An even worse type of compromise is a keygen. When the cracker uncovers the logic of your unlock keys, he can create a program to generate such keys which look and behave exactly like the legitimate ones you sell to your customers. Then he doesn’t need to patch your program, he just supplies this keygen to the warez community and everyone can help themselves to your program. You can guard yourself against such attacks using asymmetric encryption algorithms for your keys.
Is there a perfect protection system?
In short, no. If you consider that your program is presenting its logic to anyone with moderate experience in machine language, then sooner or later any protection can be circumvented. Professional protection schemes utilize encryption to protect sensitive parts of your code, but even they won’t withstand the cracker test. And remember the harder your DRM the more likely your program will be mistaken for malware (!) as many viruses and trojans use encryption tricks.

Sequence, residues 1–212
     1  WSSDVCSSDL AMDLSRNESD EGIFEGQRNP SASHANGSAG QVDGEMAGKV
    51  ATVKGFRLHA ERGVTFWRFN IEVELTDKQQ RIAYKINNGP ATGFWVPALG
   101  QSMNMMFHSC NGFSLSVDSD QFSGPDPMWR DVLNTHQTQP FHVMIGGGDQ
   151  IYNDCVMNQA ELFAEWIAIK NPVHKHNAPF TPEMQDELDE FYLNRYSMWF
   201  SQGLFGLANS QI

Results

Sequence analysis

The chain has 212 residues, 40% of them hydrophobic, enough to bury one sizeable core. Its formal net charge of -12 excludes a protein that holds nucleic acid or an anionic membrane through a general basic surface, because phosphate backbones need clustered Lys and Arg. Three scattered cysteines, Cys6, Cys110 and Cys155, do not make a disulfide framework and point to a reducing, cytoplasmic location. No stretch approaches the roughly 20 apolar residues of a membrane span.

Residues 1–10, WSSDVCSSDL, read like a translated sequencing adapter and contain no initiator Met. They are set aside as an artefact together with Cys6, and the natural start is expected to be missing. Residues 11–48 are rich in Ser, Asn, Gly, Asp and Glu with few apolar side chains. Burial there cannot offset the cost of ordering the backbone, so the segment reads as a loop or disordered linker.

Even if there was a perfect system, your sales would still be at risk. All that’s required is some of your customers to post their unlock key in a warez site, and the game is lost. You would then blacklist that serial, until another one was leaked and so on.
The warez scene
There are people who don’t spend any time in Facebook or YouTube. They surf the internet for free stuff. Cracked versions of commercial software (aka warez) circulate in some shady forums that bring together the crackers with the downloaders e.g. http://www.warez-bb.org. Browse a warez site and you will find any software, movie or music you fancy, with an assortment of popups and dodgy advertisements of the usual internet 3P products (Pills, Poker and Girls [sic]). For your convenience there are even specialized search engines that search a number of such forums simultaneously, e.g. http://www.warez.com.